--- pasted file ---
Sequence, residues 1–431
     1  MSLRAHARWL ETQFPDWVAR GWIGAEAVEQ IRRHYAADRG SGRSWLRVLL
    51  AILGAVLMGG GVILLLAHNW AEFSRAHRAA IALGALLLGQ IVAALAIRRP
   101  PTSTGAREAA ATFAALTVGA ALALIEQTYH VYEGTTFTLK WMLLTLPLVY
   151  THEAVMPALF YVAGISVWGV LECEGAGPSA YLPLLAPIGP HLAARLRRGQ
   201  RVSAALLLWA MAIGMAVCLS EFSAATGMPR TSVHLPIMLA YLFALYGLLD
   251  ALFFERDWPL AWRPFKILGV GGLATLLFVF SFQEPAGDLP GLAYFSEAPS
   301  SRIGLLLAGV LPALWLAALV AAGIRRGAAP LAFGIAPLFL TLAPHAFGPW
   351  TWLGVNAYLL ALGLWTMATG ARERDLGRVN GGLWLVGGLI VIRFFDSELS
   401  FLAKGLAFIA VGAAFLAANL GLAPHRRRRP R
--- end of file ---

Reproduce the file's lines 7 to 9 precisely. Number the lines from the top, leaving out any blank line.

   251  ALFFERDWPL AWRPFKILGV GGLATLLFVF SFQEPAGDLP GLAYFSEAPS
   301  SRIGLLLAGV LPALWLAALV AAGIRRGAAP LAFGIAPLFL TLAPHAFGPW
   351  TWLGVNAYLL ALGLWTMATG ARERDLGRVN GGLWLVGGLI VIRFFDSELS